Both houses of Congress have now approved the final version of the 2018 Farm Bill. Donald Trump is expected to sign it, despite his misgivings about the bill’s rules for federal food stamp recipients. 

On Wednesday afternoon, the U.S. House of Representatives voted to pass the final version of the 2018 Farm Bill, which includes language that will see the full legalization of hemp nationwide.

The final vote was 369 in favor and 47 against, representing significant support for the bill as well as its hemp amendment β€” which was originally only inserted into the Senate version of the 2018 Farm Bill.

In June, Senate Majority Mitch McConnell inserted the complete language of his Hemp Farming Act as an amendment into the Senate version of the Farm Bill while the bill was still in committee. When his amendment passed intact with the Senate bill, McConnell took the irregular step of serving on the conference committee that resolved the House and Senate versions of the Farm Bill. In the conference committee’s first meeting, he personally petitioned his fellow representatives to support hemp legalization.

On Monday, December 10, the conference committee released the final version of the bill and it still contained McConnell’s hemp legalization provision. On Tuesday, December 11, the Senate voted in favor of approving the final language.

The bill, if signed into law, would remove hemp and its derivatives (including hemp-derived CBD) from the Controlled Substances Act and would authorize the Department of Agriculture to oversee hemp cultivation and hemp products, as they do other with crops. Hemp is defined in the bill as Cannabis sativa L. plants with less that 0.3 percent THC. 

[Read the full text of the bill.]

The bill also includes a controversial amendment that would bar anyone with a drug-related felony from participating in the legal hemp industry for 10 years after their conviction, unless they receive a license from a state hemp pilot program before the bill is signed into law.

For more analysis on the hemp language in the 2018 Farm Bill, read HEMP’s breakdown here.

The 2018 Farm Bill was supposed to pass by September 30, as that was the date that the provisions and funding in the 2014 Farm Bill expired. However, there were significant delays, as Congress fiercely debated whether or not to increase work requirements for people who receive food stamps through the federal SNAP program. Pushing the final bill through conference committee was also delayed for the funeral of President George H. W. Bush last week.

The bill will now head to President Donald Trump for his signature. During the legislative debates on the Farm Bill, Trump made it clear that he wanted more work requirements for SNAP recipients, which the final 2018 Farm Bill does not include. Trump has not publicized his opinion on whether or not he will support the hemp legalization provision.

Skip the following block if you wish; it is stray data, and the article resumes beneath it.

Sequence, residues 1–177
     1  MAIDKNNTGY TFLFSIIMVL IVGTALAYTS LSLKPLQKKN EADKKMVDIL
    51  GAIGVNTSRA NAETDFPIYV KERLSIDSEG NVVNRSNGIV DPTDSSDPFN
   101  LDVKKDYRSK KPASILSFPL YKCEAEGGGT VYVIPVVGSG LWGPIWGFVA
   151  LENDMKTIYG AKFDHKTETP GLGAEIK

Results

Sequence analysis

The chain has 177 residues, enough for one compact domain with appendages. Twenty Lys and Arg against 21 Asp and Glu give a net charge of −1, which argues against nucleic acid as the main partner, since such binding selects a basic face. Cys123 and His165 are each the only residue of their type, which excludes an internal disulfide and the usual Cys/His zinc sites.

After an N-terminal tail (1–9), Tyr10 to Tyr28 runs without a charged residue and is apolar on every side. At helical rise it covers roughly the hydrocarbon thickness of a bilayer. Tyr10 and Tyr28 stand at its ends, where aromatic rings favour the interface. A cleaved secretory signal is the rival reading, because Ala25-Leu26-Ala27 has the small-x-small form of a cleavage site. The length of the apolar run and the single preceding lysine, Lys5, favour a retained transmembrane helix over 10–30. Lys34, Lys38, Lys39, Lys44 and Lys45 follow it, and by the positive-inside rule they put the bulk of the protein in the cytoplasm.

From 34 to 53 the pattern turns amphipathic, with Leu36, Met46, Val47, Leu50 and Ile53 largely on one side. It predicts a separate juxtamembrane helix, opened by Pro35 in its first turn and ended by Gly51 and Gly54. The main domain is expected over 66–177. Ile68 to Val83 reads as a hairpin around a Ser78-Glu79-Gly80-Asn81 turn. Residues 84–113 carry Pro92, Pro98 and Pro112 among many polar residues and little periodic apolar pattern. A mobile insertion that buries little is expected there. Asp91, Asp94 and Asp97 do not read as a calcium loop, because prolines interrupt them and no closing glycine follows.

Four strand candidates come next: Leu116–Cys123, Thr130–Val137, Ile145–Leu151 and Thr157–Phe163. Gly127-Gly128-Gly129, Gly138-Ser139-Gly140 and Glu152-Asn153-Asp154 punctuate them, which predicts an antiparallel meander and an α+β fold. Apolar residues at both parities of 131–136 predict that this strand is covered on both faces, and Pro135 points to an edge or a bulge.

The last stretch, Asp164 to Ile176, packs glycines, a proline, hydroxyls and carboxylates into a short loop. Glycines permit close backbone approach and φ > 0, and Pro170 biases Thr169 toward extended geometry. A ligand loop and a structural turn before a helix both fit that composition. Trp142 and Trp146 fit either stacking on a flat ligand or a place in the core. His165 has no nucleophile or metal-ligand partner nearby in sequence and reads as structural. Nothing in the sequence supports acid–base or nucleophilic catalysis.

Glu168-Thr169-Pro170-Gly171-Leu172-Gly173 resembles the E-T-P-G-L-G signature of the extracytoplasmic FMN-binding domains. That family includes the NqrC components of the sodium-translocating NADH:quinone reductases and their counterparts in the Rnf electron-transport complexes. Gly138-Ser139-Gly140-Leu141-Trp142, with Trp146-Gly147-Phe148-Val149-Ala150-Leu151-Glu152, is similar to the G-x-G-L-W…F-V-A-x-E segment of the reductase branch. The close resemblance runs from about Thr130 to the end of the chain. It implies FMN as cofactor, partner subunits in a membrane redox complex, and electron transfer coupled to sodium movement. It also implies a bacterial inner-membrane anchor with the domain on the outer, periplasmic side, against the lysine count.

On Tuesday, after signing the Senate-approved bill with a hemp pen, McConnell joked, “I’d be happy to lend him my hemp pen for the occasion.”

The lobbyists at U.S. Hemp Roundtable said in an email shortly after the vote that they were expecting “some sort of ceremonial bill signing imminently.”

Before the House voted on Wednesday afternoon, multiple representatives spoke in favor of legalizing hemp. 

Rep. James Comer (R-KY), who served as the Kentucky’s Commissioner of Agriculture and as the chairman of the Kentucky Industrial Hemp Commission starting in 2012, said, “I am particularly glad to see industrial hemp rescheduled from the Controlled Substances List, a key provision I worked with Leader McConnell on to ensure unnecessary government restrictions are lifted from this valuable agricultural commodity.”

From the other side of the aisle, Rep. Earl Blumenaur (D-OR) β€” who has worked for years to protect state-legal cannabis industries from federal prosecution through spending amendments on the Department of Justice β€”said he was excited about hemp legalization but worried the bill didn’t go far enough to support American farmers and address environmental crises. 

“Near and dear to my heart are reforms for hemp,” Blumenaur said. “But I am concerned that it does not adequately address the growing crisis in American agriculture… We are not dealing with the chemical warfare inspired by Monsanto and Bayer, we’ve got the Trump tariffs, [and] climate devastation that is getting more serious by the month.”

Even Rep. Pete Sessions (R-TX), who has spent years blocking cannabis amendments from reaching the House floor through his chairmanship of the House Rules Committee, spoke in favor of hemp legalization. No House representative voiced dissent against hemp.

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